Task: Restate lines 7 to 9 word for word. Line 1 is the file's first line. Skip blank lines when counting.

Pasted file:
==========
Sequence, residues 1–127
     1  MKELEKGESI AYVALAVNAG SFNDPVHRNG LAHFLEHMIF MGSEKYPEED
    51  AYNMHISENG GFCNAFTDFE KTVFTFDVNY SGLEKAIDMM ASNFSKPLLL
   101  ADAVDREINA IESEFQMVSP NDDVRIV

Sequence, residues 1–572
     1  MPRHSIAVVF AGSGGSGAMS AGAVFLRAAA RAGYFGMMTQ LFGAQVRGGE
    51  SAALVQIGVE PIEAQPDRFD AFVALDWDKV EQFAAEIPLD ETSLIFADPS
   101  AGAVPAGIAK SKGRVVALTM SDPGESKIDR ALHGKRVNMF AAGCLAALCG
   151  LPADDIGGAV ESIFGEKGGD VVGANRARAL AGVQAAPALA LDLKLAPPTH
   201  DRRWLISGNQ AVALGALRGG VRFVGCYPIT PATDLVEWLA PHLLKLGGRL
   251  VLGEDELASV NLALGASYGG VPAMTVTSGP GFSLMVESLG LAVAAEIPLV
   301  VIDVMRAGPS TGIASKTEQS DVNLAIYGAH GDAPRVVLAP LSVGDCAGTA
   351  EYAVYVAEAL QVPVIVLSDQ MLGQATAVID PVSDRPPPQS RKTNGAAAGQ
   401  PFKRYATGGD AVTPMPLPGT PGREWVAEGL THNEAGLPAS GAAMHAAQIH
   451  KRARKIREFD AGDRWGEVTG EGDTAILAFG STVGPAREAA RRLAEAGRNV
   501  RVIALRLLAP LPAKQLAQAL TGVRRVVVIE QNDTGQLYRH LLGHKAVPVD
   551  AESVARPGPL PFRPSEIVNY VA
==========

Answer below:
    51  SAALVQIGVE PIEAQPDRFD AFVALDWDKV EQFAAEIPLD ETSLIFADPS
   101  AGAVPAGIAK SKGRVVALTM SDPGESKIDR ALHGKRVNMF AAGCLAALCG
   151  LPADDIGGAV ESIFGEKGGD VVGANRARAL AGVQAAPALA LDLKLAPPTH